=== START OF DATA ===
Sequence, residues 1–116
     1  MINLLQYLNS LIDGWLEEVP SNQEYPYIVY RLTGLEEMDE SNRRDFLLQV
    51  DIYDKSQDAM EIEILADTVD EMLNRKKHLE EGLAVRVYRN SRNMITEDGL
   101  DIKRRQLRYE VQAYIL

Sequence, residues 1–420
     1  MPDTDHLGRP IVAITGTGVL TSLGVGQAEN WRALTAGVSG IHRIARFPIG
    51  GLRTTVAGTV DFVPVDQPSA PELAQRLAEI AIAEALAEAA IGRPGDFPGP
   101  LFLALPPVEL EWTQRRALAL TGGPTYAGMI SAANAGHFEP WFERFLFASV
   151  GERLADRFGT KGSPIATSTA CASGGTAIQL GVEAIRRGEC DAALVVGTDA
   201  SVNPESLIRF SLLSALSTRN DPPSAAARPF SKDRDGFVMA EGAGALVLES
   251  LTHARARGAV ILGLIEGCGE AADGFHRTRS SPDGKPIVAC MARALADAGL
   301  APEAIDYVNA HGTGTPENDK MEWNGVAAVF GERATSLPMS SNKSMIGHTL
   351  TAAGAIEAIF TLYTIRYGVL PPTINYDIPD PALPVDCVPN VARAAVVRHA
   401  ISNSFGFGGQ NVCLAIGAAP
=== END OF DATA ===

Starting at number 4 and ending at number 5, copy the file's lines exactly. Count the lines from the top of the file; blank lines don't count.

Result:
   101  DIKRRQLRYE VQAYIL

Sequence, residues 1–420